Teen angst weighs heavily on the characters in The Gay Barber's Apartment, Larry Traiger's high school soap opera receiving a shoestring production from Half Assiduity Arts.
Disaffected youth have been a staple of plays since Wedekind, who supplied the original for Broadway’s current hit Spring Awakening, which also has oppressed, aimless youth caught in the throes of romance. Traiger’s play is bleaker than the Tony-winner, mixing the anomie-ridden types from This Is Our Youth with hopeless romantic relationships. The protagonists here, the handsome Henry (Alex Hurt, who also directed) and the nebbishy Jonas (Joseph Aniska, who did the lighting), take drugs, and seem to have little prospect of finding their soulmates, if such females exist.
The macho Henry, who occasionally indulges in fight club antics, is obsessed with sexual pleasure rather than a loving relationship. Jonas, who is sleeping with a girl named Mary (Carolina Mesarina), chafes at shopping for prom clothes with her, endures a regimen of abstinence that she imposes, apparently because he doesn't share Mary's opinion of romantic movies, and even receives a pummeling at one point.
The guys gossip about who's sleeping with whom and bet on each other's worst instincts, but their entanglements seem like a tempest in a teapot. Yet Henry and Jonas exult at their success at arriving in the adult world and escaping high school, dominated by a fearsome Dean Hunt (they are presumably attending a private institution). The stern, officious older adult is reminiscent of teen comedies or Saturday morning shows like Saved by the Bell. But Jeff Pucillo, the only Equity member of the cast, brings confidence and polish to the vaguely silly role—in a contrast to the other performances. Hunt enters abruptly into the minds/memories of his former students as a larger-than-life tyrant who bellows at their transgressions. At one point Pucillo jumps through an open window onto a bed, and he descends in a parachute in the niftiest piece of Hurt’s generally ramshackle staging. (In the opening scene, for instance, Jonas is receiving a haircut from the title character and is wearing aviator sunglasses—what barber gives a haircut to someone wearing glasses? What person who cares about his grooming leaves glasses on during a haircut?)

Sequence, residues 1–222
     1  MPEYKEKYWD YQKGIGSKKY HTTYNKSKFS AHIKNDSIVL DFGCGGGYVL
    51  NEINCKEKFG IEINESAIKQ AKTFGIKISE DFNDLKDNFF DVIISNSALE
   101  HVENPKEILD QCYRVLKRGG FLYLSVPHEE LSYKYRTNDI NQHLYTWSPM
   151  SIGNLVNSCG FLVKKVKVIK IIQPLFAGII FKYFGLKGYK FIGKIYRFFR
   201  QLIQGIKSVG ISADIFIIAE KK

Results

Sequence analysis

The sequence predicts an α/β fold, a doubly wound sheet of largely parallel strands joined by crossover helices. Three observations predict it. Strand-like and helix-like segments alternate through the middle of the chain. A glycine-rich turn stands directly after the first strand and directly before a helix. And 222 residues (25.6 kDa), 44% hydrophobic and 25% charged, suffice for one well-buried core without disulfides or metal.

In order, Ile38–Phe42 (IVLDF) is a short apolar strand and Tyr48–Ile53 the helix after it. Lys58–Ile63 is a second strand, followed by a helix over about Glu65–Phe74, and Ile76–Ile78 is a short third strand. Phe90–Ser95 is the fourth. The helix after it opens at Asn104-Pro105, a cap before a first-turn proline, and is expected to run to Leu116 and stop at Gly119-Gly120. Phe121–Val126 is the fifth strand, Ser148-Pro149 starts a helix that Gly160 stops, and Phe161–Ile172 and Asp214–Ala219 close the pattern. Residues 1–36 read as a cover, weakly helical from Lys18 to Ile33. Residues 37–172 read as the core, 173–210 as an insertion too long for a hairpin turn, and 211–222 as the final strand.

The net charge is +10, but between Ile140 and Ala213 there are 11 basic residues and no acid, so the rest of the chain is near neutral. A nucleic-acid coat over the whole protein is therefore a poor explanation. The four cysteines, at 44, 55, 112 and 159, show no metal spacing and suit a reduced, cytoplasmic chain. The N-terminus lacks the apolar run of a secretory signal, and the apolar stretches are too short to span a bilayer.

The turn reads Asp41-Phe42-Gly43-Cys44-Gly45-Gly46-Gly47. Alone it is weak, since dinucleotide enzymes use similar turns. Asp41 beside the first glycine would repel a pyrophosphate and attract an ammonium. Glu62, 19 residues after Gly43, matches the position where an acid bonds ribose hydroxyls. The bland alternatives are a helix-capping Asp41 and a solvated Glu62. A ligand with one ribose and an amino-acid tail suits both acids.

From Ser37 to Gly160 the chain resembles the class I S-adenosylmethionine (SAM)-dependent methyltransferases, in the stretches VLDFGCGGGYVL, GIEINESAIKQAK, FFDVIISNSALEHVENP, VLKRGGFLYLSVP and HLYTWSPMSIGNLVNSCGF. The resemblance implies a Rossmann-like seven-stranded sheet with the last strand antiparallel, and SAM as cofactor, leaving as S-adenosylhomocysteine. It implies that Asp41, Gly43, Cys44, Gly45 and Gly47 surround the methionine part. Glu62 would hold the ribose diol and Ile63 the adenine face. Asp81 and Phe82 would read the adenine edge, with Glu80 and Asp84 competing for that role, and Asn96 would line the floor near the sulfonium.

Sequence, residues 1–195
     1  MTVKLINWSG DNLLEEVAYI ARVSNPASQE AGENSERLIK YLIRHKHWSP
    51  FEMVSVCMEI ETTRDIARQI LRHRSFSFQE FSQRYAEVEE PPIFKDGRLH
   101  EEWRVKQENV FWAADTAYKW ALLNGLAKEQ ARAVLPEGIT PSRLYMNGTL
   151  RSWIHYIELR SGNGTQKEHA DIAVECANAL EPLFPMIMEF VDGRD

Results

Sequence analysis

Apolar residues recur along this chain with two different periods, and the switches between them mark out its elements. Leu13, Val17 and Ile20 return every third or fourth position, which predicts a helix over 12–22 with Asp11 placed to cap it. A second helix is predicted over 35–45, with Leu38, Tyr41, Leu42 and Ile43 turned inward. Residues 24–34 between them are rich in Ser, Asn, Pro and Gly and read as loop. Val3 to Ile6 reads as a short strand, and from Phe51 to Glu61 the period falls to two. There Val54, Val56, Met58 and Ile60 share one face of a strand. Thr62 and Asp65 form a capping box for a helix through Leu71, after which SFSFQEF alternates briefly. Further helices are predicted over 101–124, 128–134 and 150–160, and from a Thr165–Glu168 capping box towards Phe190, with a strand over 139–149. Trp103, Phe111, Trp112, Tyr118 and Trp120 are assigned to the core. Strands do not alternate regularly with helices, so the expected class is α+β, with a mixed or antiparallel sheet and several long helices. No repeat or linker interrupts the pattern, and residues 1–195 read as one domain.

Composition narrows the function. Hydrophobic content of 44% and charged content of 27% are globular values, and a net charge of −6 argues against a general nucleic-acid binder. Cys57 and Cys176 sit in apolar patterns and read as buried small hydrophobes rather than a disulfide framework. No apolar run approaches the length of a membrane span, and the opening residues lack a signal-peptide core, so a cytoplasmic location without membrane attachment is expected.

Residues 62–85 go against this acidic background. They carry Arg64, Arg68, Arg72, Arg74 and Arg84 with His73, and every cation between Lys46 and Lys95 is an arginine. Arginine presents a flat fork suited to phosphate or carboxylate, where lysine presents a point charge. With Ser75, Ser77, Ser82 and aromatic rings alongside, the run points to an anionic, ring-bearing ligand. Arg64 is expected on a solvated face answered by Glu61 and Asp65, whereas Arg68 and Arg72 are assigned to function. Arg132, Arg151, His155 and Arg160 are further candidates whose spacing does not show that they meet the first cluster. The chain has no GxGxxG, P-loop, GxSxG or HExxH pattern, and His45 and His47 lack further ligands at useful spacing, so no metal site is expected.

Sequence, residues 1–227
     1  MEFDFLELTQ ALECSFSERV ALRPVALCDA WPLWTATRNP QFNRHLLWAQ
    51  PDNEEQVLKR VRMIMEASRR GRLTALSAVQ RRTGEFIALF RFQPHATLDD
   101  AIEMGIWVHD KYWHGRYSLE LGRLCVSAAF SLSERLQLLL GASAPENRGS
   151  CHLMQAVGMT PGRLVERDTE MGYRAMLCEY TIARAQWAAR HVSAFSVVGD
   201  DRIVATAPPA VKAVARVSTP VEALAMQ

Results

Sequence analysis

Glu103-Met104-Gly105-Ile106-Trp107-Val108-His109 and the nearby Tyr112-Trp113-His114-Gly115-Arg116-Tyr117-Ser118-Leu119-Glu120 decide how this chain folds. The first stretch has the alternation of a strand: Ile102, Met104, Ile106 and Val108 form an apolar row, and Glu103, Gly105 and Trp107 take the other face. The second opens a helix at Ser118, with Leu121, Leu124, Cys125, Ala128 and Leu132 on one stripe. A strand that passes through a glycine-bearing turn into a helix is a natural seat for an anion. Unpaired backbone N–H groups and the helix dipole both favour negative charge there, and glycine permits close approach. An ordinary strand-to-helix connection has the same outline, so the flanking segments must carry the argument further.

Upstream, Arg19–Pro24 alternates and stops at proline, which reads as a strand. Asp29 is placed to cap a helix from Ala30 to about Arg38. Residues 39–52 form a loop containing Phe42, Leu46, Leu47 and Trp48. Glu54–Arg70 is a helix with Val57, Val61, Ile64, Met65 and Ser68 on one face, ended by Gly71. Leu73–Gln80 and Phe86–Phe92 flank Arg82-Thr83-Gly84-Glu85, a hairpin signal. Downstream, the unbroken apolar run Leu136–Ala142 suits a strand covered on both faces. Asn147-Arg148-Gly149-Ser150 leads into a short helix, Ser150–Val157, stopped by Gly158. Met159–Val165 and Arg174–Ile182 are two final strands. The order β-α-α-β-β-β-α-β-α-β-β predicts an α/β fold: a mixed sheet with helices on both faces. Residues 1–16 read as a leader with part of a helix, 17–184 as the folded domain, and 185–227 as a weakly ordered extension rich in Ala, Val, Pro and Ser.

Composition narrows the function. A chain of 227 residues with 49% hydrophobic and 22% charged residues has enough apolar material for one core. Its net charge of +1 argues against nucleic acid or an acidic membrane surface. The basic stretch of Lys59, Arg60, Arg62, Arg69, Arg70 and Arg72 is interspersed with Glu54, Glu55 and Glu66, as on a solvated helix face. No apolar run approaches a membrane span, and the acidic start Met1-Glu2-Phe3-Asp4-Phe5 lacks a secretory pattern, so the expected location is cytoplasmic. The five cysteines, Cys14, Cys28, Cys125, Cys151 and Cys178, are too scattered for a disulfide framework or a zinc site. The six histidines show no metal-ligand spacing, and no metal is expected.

The barber of the title, Venice (J. Stephen Brantley), provides a haven for the youths as well as drugs and a friendly ear, in contrast to the dean. Yet Traiger leaves undeveloped this odd relationship between a 45-year-old gay man and two straight teenagers. It’s apparently not exploitative, but one wonders how they met and why straight adolescents are so comfortable with an older gay man. Without some compelling explanation, the situation remains puzzling and unconvincing.
Unfortunately, on the only preview night, the production was clearly having severe technical problems that may have thrown off the cast. Occasional monologues were intended to be accompanied by lighting changes, signaled with a motion of the actors’ hands. If there was a lighting cue that worked all evening, it must have been an accident. Stretches of awkward silence took the air out of some scenes, and the time shifts among them were difficult to follow: scenes encompass high school as well as college. Still, Pucillo and Hurt managed to deliver solid work amid the chaos.
Chuck Pukanecz’s set was pretty effective for a budget that probably couldn’t buy a Happy Meal. The barber’s apartment didn’t look like that of a gay man; it would have seemed sparse to Mother Teresa. But Pukanecz managed to create a variety of playing areas on a cramped stage, including apartments, one with an adjoining room, and a park. The scene shifts were sometimes clumsy, but his invention was admirable (and a painted drop by “the artist currently known as Walter” suited the space well).
Traiger’s play has some interesting writing, especially a monologue about a Thanksgiving turkey, and the young, personable author himself takes tickets and offers drinks. Likable as he is, this play doesn’t offer much of a meal, let alone trimmings.